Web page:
Friday, May 27, 2016

US immigration courts have backlog of 456,644 cases. Earliest date available is Nov. 29, 2019-Houston Press

Earliest US immigration court date is Nov. 29, 2019, exceptions made for unaccompanied minors. Immigration courts have backlog of 456,644 cases as of March 2016. Houston court has backlog of over 35,000 cases as of Dec. 2015. New York and LA backlogs are higher than Houston's.
March 22, 2016, "Houston’s Immigration Court Backlog Isn’t Helped by a Judge That Barely Works,", Steve Jansen 

"During the summer of 2014, when a record number of Central American nationals sought entry into the United States, the nation’s underfunded, understaffed and under-everything immigration court system nearly collapsed.

As a result, President Barack Obama directed the Executive Office for Immigration Review, which handles immigration court and asylum proceedings, to prioritize the adjudication of cases for unaccompanied minors and families in detention. Most other immigration matters, such as minor criminal offenses and permanent resident cases, have been reset to November 29, 2019

“Three years out is too long,” says Samantha Del Bosque, staff attorney at the Houston-based Tahirih Justice Center, which provides pro bono services to immigrant women and children.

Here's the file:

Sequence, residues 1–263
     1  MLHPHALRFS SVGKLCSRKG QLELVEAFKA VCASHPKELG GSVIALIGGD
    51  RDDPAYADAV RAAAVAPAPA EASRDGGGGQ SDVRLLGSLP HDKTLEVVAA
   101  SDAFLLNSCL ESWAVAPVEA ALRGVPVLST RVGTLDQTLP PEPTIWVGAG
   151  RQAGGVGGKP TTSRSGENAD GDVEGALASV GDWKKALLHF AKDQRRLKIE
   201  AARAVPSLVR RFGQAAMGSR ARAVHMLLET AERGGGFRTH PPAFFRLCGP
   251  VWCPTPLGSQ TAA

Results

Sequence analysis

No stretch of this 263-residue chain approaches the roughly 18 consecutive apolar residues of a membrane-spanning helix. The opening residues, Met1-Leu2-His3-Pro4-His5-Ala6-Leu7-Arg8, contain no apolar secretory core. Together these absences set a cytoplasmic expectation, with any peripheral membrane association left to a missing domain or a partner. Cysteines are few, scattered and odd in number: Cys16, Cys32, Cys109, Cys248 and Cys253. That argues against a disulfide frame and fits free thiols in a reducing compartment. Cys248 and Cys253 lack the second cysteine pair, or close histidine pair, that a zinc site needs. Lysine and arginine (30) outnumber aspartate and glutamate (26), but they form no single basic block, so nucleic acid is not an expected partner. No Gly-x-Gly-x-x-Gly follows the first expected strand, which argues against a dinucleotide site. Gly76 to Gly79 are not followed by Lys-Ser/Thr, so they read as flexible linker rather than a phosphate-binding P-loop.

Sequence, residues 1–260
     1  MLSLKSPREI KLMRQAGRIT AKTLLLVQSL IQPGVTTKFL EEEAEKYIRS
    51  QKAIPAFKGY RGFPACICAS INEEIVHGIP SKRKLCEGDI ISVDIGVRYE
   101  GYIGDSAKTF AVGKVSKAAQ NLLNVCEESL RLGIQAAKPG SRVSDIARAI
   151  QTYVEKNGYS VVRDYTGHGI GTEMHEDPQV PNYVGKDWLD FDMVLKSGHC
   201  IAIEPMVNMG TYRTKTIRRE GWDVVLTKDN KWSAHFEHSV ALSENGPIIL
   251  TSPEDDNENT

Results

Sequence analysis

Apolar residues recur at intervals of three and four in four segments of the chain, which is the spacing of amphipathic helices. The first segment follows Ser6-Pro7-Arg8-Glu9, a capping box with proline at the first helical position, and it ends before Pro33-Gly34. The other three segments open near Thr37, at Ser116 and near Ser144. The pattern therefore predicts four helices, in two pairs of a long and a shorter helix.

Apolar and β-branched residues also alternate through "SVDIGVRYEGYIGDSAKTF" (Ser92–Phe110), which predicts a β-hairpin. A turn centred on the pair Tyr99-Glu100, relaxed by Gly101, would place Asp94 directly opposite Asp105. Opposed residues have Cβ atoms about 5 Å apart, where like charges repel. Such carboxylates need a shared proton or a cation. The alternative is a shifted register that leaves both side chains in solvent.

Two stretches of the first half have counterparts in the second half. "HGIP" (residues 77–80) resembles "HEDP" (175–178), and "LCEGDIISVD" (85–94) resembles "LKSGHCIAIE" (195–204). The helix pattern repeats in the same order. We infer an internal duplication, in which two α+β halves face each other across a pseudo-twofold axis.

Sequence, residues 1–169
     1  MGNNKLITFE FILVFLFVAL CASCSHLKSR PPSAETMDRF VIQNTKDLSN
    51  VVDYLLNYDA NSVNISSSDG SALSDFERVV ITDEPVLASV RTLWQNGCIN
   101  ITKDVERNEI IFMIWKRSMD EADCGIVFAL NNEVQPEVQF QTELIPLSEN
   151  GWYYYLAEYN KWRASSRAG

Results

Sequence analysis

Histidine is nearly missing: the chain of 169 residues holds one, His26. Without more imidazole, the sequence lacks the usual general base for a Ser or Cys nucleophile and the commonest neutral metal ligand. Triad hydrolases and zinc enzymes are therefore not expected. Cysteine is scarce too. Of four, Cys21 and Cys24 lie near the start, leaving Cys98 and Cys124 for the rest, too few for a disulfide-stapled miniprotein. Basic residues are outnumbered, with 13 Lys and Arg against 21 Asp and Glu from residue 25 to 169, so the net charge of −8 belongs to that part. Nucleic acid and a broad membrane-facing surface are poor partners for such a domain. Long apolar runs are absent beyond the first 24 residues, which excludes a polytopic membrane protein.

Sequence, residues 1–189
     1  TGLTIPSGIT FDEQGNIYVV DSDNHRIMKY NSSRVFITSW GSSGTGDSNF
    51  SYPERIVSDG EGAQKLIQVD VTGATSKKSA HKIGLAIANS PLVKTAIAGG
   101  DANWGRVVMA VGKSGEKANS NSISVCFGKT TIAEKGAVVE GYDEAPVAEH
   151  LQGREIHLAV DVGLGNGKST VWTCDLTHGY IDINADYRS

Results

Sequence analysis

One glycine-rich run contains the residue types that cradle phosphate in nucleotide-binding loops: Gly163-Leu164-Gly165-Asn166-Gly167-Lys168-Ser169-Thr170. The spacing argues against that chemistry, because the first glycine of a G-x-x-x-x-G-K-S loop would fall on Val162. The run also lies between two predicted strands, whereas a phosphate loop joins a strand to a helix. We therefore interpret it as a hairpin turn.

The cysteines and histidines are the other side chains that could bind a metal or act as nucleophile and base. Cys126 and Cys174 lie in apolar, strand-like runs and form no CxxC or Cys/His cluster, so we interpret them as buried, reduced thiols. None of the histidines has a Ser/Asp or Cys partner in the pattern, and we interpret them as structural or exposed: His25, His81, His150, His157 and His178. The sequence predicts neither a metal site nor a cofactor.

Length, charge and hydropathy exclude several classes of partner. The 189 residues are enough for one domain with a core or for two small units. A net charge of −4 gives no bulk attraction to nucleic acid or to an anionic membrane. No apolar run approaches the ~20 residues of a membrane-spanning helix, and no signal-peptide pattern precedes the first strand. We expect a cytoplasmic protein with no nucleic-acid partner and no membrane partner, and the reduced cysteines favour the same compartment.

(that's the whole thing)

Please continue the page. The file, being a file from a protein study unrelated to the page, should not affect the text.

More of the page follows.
Evidence can go stale and experts who are academics tend to move around. For us, it creates a lot of hardships. It’s quite a mess.”

“I’ve had a client whose asylum case has been reset seven times,” says Raed Gonzalez of the Houston immigration law firm Gonzalez Olivieri. According to Syracuse University’s Transactional Records Access Clearinghouse, the nationwide immigration case pileup stands at 456,644. And counting....  

According to December 31, 2015, figures provided to the Press by the immigration review office, Houston’s immigration judges are drowning under a glut of 35,340 pending cases. TRAC data shows that Houston’s bottleneck is the third-highest in the country, two spots behind New York City and Los Angeles.

“Houston is the largest city closest to the Mexico border,” says Alexandre Afanassiev of the local immigration firm Quan Law Group. There are only six judges, and that’s not enough.Houston, like many immigration courts across the country, has been hampered by attrition and retiring judges, and critics say that DOJ is dragging its feet with hiring replacements."...


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